What a stark contrast if compared to the current day celebrities who come to the hotels with their coterie and announce their arrival by their rude, boorish, and loud behaviour!

Once, JRD Tata went to Wankhede Stadium in Mumbai to watch a cricket match. Since the stadium was under his ownership at that time, he walked up to the gate without a ticket. Seeing him dressed in simple attire, the guard failed to recognize him. He did not allow JRD to enter the stadium since he did not possess a ticket. The great man, without speaking a word, quietly went around the gate and stood near the fence to watch the match.

When one of the organizers noticed him, he rushed out and apologized to him. He wanted to fire the guard but JRD asked him not to do so since the guard was merely doing his duty.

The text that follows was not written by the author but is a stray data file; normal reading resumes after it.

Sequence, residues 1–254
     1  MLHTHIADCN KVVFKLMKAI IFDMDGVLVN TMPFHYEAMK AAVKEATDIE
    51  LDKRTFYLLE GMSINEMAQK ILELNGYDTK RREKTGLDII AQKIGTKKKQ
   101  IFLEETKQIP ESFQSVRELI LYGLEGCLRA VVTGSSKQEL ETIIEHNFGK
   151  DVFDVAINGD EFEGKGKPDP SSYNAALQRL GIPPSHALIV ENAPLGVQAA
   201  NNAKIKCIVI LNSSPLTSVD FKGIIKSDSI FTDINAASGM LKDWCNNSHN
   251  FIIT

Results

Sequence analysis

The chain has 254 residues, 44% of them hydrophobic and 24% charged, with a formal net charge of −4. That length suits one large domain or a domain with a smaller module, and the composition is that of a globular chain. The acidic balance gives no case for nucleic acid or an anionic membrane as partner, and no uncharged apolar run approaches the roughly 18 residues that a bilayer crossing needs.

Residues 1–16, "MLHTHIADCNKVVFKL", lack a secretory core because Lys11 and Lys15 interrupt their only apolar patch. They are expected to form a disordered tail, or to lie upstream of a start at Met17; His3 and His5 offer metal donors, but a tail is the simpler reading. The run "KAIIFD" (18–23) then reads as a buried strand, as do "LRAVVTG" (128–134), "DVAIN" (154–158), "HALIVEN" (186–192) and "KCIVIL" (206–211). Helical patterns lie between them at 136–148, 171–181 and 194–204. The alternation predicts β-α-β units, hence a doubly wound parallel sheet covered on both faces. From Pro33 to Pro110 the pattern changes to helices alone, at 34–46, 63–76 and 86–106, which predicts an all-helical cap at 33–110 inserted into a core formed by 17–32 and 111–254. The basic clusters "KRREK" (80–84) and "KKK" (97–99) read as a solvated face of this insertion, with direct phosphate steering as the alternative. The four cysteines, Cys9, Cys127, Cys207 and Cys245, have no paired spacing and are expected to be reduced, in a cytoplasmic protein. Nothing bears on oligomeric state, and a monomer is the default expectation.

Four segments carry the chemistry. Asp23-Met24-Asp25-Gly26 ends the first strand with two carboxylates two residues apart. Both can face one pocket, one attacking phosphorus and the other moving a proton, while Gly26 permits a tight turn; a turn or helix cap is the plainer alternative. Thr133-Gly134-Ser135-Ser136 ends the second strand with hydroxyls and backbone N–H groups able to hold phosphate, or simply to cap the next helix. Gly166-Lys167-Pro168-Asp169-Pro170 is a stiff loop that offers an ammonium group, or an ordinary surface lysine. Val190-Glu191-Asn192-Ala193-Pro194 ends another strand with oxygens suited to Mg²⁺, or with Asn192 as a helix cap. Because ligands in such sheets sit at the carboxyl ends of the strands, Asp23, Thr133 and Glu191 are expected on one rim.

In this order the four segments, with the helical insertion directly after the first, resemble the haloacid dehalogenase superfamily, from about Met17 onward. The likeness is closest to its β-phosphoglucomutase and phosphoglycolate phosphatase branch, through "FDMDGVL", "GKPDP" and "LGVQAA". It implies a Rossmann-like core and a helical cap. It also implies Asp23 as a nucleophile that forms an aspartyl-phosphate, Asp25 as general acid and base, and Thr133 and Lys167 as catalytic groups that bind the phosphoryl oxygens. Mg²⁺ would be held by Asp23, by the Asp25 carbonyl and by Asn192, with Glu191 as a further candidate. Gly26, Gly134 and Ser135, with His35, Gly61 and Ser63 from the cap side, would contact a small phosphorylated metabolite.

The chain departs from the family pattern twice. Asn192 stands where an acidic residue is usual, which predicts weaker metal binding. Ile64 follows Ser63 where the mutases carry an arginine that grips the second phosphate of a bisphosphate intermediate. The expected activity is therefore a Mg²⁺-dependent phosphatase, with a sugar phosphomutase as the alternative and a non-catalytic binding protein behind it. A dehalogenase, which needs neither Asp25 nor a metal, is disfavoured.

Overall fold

I wonder how we would have reacted if we were in JRD's shoes!

Tendulkar had his share of detractors too but that has rarely affected his attitude and approach towards the game and his fans. Whenever India has lost a match, his critics have held him responsible, forgetting that cricket is a team game where everyone needs to contribute. Similarly, whenever he has played well, he has received lots of accolades from his fans. However, he remains unaffected by brickbats and accolades. Humility has always been his hallmark. Similarly, JRD Tata too is best remembered for his humility and values. He has instilled ethics and values in thousands of Indians who swear by him even today. On his death, the Indian Parliament was adjourned -- an honour not normally given to citizens.